While various forms of spoofing attacks have multiple objectives; which an attacker(s) wishes to accomplish, the vast majority of spoofing attacks tend to be directed toward the attacker(s) successfully gaining access to network/system assets, resources and services to which they are not legitimately entitled.
Impersonation – More often than not this will be manifest by the attacker impersonating a duly authenticated network/system entity with the appropriate privileges and access rights necessary for the attacker to launch additional processes (including scripts and malware) intended to deliver to the attacker that which they are after.
Subversion From Within – One major issue here is that the attacker is not solely an “outsider”. Subversion from within has long been high up on the list of those risk/threat sources most likely to create maximum damage. In most cases involving and “insider” the “insider” is usually partnered with an “outsider”. In these cases the “insider’s” role is generally to provide the outsider” with information which the “outsider” can use to implement the attack(s).
Network/System Entities – One common theme with spoofing attacks is that they are not solely directed against subverting and assuming the identity of legitimate authenticated humans. Both network/system devices and network/system software also face direct threat from some spoofing attacks. One reason for this is that most computers and computer systems have a considerable number of accounts which are used to run system tasks and perform system/network functions
Non-Human Accounts – Some of the non-human accounts to be found with Windows include: NETWORK SERVICE, SYSTEM and LOCAL SERVICE. Most of these accounts also have greater privileges and rights associated with them than “normal;” user accounts which is why they are such popular targets for attack.
Internet Protocol (IP) Spoofing Attacks
IP spoofing involves packet modification at the TCP level. This modified packet is then used to attack Internet-connected systems that provide various TCP/IP services. Unlike a Smurf attack; where spoofing is used in conjunction with ICMP flooding to create a Denial of Service (DoS) attack, IP spoofing is used to convince a system that it is communicating with a known authenticated entity thereby allowing an intruder to gain access to the network and its resources.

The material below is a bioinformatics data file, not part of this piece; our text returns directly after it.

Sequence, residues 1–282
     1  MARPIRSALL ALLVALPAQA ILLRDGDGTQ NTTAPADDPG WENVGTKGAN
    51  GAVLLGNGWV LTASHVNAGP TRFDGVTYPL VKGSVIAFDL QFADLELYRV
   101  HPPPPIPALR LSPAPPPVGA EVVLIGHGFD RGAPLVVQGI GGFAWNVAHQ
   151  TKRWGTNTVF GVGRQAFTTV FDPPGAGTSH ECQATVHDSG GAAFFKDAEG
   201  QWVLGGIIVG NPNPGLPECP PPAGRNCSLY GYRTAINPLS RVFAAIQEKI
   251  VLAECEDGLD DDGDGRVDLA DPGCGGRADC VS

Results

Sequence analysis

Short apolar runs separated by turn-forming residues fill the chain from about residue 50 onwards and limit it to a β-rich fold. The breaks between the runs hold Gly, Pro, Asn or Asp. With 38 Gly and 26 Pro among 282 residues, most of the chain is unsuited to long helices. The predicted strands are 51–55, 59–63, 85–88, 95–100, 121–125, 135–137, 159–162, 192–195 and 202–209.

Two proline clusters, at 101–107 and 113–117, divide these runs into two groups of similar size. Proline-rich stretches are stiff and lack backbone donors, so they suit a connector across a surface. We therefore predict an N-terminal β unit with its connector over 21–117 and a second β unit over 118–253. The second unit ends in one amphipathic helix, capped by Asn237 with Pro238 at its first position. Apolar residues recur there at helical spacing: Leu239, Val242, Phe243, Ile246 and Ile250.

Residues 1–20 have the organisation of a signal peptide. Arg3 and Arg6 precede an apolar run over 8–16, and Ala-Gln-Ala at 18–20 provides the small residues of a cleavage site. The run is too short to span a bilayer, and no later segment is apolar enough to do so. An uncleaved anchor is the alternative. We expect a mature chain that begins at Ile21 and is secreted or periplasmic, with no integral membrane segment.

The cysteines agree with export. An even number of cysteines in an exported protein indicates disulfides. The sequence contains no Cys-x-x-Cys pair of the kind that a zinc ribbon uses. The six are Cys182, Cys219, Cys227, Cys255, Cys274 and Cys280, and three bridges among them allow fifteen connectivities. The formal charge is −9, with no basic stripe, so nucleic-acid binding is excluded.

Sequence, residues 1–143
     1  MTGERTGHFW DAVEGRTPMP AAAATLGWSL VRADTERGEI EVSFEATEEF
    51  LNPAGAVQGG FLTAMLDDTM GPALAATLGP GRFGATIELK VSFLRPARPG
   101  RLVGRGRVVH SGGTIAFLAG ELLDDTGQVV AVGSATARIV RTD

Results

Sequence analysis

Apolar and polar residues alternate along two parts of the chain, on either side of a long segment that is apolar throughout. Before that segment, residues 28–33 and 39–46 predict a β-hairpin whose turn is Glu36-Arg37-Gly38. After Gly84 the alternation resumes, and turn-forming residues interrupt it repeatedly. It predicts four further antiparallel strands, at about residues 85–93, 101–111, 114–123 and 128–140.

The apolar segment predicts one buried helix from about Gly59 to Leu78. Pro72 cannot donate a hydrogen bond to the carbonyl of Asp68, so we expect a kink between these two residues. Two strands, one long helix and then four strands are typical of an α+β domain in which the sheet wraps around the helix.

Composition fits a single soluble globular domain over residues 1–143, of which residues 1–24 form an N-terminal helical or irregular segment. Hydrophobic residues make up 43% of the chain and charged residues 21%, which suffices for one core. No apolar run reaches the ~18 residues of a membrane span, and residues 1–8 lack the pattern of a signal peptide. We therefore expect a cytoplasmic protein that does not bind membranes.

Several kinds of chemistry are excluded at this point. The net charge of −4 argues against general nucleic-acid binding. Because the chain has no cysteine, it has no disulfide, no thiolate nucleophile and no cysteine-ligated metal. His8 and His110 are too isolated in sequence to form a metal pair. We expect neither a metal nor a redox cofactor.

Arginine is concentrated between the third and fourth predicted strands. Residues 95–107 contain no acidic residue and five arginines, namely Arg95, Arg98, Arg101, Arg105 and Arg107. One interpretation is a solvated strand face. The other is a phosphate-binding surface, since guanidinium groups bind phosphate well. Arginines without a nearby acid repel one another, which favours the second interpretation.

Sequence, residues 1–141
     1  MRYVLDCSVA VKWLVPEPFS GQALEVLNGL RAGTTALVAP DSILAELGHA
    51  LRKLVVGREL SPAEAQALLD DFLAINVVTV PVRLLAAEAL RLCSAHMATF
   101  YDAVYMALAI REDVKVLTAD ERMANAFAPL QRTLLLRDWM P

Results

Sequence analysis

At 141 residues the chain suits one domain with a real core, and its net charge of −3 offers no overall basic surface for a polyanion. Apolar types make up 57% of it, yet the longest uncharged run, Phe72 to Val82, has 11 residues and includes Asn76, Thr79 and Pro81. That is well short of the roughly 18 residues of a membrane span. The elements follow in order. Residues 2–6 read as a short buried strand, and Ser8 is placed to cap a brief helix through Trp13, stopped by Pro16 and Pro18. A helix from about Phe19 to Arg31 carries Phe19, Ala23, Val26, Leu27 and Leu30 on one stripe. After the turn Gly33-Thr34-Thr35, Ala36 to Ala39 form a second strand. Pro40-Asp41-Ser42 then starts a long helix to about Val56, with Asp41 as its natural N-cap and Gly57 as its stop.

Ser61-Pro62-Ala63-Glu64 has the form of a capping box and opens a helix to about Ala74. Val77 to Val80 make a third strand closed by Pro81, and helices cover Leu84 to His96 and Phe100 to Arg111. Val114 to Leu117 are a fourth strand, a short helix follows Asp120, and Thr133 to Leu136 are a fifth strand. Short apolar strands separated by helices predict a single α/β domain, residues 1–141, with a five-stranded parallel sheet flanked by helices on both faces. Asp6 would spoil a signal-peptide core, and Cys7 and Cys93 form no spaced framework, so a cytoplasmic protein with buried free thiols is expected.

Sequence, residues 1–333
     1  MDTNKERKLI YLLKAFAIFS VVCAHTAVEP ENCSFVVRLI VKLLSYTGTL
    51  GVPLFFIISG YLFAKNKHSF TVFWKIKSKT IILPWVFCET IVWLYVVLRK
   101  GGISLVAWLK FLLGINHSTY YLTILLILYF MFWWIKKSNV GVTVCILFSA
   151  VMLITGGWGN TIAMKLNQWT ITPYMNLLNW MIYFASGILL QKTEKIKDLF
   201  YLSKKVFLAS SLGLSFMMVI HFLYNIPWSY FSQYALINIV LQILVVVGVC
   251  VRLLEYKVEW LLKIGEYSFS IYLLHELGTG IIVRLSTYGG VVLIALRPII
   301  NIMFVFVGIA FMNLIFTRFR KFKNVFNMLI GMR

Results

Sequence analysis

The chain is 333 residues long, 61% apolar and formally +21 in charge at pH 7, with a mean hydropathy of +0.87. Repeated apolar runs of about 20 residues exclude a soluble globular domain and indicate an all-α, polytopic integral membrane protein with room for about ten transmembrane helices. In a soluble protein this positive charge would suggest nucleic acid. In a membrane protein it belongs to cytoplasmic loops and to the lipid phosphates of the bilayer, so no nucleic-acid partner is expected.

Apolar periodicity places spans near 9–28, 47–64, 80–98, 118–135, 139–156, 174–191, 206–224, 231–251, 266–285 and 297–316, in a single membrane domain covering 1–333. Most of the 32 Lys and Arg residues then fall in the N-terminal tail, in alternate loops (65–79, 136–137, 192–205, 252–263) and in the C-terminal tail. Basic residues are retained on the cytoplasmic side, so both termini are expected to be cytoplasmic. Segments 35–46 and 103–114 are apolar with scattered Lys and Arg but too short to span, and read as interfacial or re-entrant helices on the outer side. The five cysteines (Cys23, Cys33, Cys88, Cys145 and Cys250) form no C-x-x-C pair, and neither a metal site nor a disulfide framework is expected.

IP Spoofing Process – IP spoofing attacks generally follow the following process:
- First of all the attacker identifies and discovers the IP addresses of various devices on the target network. For “outsider” only attacks this is most often done using “packet sniffing” utilities such as Wire Shark and Snort etc to capture all traffic passed across the network.
- The next step involves the attacker using the packet sniffing utility to learn the IP address(s), host name(s) and MAC Address(s) of a trusted host(s). If you don’t fully encrypt all network traffic by default then you are an easy victim for this type of attack.
- Now the attacker(s) uses this information to modify the source IP address field; of the packets that they wish to send, to contain the IP address of the known trusted network host.
- The attacker is now ready to send these packets with the spoofed source IP address(s) to the target host. The target may or may not accept the packet and act upon it.
Internet Protocol (IP) Spoofing Attacks Countermeasures
Encryption – Using strong encryption for all traffic placed onto transmission media regardless of the type of media and its location is the best way to counteract this type of attack. Faced with a whole bunch of encrypted packets most attackers will simply move on to easier targets and there are millions of them.
Vengeance and Espionage – If however: the attacker’s motivation is vengeance for some perceived wrong or simply industrial espionage then the attacker is most likely prepared to spend considerable time and resources in their efforts. Your job just got a whole lot harder.
Smurf Attacks – Spoofing and Flooding
Smurf attacks employ a combination of IP Address Spoofing and ICMP flooding to saturate a target network with traffic to such an extent that all normal traffic is effectively “drowned out” thereby causing a Denial of Service (DoS) attack. Smurf attacks consist of three separate elements; the source site, the bounce site and the target site. The source site is that site from which the attacker sends the spoofed ICMP Ping packets to the bounce site.
In a Smurf attack standard ICMP Ping packets are modified so that the intended target’s IP address is placed into the source IP address field. The ICMP Ping packet also has its destination IP address spoofed to contain the bounce site’s broadcast IP address.
TCP Sequence Number Attacks
TCP sequence number attacks exploit the communications session, which was established between the target and the trusted host that initiated the session. The intruder tricks the target into believing it is connected to a trusted host and then hijacks the session by predicting the target’s choice of an initial TCP sequence number. This session is then often used to launch various attacks on other hosts.
TCP Sequence Number Attacks Countermeasures
Encrypting all communications is very effective in countering TCP Sequence Number Attacks. The stronger your encryption keys the more effective a strategy this becomes. As a result using VPN technologies and protocols configured to encrypt all traffic by default are other mechanisms that dramatically reduce your exposure and susceptibility to TCP Sequence Number attacks.